Since 1997, I have worked to advance the quality of public education. In my 22 year career in education, I have worked as a guidance counselor, teacher, school administrator, district superintendent, state chief, and federal programs official. My work was my life and my life was my work. There were never enough hours in the day to advance the cause of improving teaching and learning or making sure that struggling students did not fall through the cracks. I believe that access to a quality education can level an often uneven playing field.
In 2017, I accepted the nomination as Secretary of Education in Puerto Rico. I was motivated by the high expectations I had ( and continue to have) for public education in Puerto Rico and a belief that, with effort and dedication, broken systems can be transformed. My goal was to create a sustainable and fiscally responsible system that ensured every child had access to a high quality public education.
While my expertise in education was not questioned, I was seen as an outsider who lacked sufficient personal connection to Puerto Rico. For 28 months I worked tirelessly to transform a historically failed system plagued by corruption, political favoritism and a lack of transparency. I made difficult decisions, confronted harsh realities and spoke the truth. I took action to address the island’s debt crisis, right-sized the education system, purchased text books for the first time in 10 years and provided access to technology and computers. I also oversaw the use of schools as shelters during and after Hurricane Maria, and led the implementation of a historic education reform bill.
My work was not without its critics. I upset the status quo. I demanded transparency, accountability and professional competence. At every turn, I made the best decisions I could to faithfully execute the responsibilities I had accepted. I put the interests of the students above the interests of adults. I applied best practices and drew on advice and recommendations from experienced leaders across the United States.
But in the end, my ambitious reform efforts were no match for the strong forces that sought my undoing.
On July 10, 2019 I was indicted by the federal government on charges of wire fraud, conspiracy and theft. The indictment states that I did not benefit from any of the alleged wrong doing.
I adamantly proclaim my innocence and affirm that I never knowingly committed any act that would be considered illegal, immoral or improper.
Given the gag order on the case, I cannot comment on the facts. I do invite you to review the public record for additional information about the case and pretrial motions.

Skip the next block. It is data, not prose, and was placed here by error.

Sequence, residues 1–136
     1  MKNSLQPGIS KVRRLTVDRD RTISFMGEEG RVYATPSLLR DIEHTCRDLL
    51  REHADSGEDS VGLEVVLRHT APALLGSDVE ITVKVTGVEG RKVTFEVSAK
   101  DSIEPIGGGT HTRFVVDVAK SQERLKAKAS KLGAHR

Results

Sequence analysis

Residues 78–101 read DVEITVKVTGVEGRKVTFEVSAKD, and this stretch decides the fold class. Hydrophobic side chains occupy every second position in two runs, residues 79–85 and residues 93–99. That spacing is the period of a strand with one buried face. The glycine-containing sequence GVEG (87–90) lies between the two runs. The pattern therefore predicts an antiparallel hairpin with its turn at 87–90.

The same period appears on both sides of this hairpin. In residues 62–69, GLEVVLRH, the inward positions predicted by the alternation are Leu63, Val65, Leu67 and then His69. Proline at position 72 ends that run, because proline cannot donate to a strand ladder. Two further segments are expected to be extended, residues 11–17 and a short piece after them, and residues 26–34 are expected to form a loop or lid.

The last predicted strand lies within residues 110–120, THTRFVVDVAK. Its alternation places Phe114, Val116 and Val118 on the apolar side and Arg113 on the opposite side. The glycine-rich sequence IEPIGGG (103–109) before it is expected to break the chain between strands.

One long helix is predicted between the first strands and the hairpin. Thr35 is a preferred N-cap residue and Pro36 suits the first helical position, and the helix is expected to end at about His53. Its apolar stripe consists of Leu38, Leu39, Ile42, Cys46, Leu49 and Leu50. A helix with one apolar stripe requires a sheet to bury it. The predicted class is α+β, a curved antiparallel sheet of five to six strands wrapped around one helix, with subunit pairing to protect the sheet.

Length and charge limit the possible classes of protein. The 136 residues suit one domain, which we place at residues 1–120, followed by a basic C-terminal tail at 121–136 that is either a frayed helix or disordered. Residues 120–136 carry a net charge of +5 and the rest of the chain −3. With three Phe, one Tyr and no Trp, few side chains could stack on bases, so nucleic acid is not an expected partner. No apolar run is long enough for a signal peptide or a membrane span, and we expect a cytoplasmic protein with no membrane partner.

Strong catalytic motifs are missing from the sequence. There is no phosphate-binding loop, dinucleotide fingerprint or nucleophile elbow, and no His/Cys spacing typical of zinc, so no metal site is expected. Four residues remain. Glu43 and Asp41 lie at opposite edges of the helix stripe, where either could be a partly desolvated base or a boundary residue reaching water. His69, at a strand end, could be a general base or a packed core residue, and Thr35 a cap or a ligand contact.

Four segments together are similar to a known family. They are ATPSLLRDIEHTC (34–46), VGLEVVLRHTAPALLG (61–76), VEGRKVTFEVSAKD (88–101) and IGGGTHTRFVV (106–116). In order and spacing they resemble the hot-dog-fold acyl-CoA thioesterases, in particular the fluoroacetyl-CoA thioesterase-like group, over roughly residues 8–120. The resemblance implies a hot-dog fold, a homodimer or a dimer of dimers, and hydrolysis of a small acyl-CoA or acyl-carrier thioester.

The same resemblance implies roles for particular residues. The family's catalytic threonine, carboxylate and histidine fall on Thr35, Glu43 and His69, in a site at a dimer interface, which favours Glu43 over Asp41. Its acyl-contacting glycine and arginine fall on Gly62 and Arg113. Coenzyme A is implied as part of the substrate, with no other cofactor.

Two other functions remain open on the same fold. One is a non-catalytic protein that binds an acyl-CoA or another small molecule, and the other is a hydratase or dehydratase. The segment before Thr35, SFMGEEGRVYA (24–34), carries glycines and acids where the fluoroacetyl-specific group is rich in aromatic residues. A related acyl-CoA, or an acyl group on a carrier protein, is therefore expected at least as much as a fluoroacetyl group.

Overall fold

As a result of the indictment and my subsequent arrest:
- I have not been able to work or earn income in the profession to which I have dedicated the entirety of my adult life
- I have been forced to sell my primary residence and the residence I purchased while living in Puerto Rico
- I have used the entirety of my life savings and will spend all that is in my retirement account on my defense, which is likely to exceed 1 million dollars.
- I’m now living with my parents, who do not have the resources to support my defense.
As a result, I am forced to seek support from friends and others who might care about my situation and be willing to provide financial support.
A federal indictment has proven to be one of the most destructive forces I have ever experienced. It pains me to see that despite my innocence, my entire life’s work – as well as my reputation and professional network – have been destroyed. The incorrect information presented in the press suggest one is guilty until proven innocent, rather than innocent until proven guilty.
United States v Keleher, et al was presented by the US Attorney as a public corruption case. It has been cited as a prime example of the corruption that plagues public administration in Puerto Rico. Those citing the case never mention that there is no claim that I benefited personally, financially or in any other way from the alleged acts.
Additionally, the unsubstantiated allegations do harm not only to me but the image of Puerto Rico and its ability to rightly access federal funds.
Engaging lawyers who have the experience and expertise necessary to demonstrate my innocence and the weakness of the government’s case is an expensive necessity. After having drawn on all the resources available to me, I simply do not have sufficient funds to pay for my defense.
This experience has been humbling and humiliating. There are many sleepless nights, anxiety filled days and periods of depression that steal hope and create paralysis. But it has not broken my spirit. When this is over, I will leverage what I have learned through this process to help others who need to find a way to make it through another day when their worlds have been shattered.
I’ve always been quick to lend others a helping hand, but I have never been one to seek help. However, my current situation leaves me no choice but to seek assistance. Legal fees for the case are expected to exceed 1 million dollars. After applying the entirety of my personal assets, I will need to raise about $600,000 to cover projected costs.
All donations will be held in a trust fund which will be managed by an independent Trustee. Your donation will be used to cover the costs of my defense and case-related activity. Donors will remain anonymous and donations are not deductible as charitable contributions.
Thank you for taking the time to learn about my situation and for considering supporting my legal defense. I would be forever grateful for whatever support you might be able to provide.
Julia B. Keleher